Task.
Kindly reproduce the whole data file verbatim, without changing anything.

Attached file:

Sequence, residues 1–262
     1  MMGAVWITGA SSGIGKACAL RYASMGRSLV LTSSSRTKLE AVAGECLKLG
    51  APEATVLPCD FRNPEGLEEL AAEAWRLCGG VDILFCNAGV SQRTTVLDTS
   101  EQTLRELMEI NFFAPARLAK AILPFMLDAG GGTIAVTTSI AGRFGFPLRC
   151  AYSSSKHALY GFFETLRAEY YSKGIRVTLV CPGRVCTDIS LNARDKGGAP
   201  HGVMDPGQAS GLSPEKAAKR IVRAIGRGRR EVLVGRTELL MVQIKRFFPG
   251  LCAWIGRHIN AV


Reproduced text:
Sequence, residues 1–262
     1  MMGAVWITGA SSGIGKACAL RYASMGRSLV LTSSSRTKLE AVAGECLKLG
    51  APEATVLPCD FRNPEGLEEL AAEAWRLCGG VDILFCNAGV SQRTTVLDTS
   101  EQTLRELMEI NFFAPARLAK AILPFMLDAG GGTIAVTTSI AGRFGFPLRC
   151  AYSSSKHALY GFFETLRAEY YSKGIRVTLV CPGRVCTDIS LNARDKGGAP
   201  HGVMDPGQAS GLSPEKAAKR IVRAIGRGRR EVLVGRTELL MVQIKRFFPG
   251  LCAWIGRHIN AV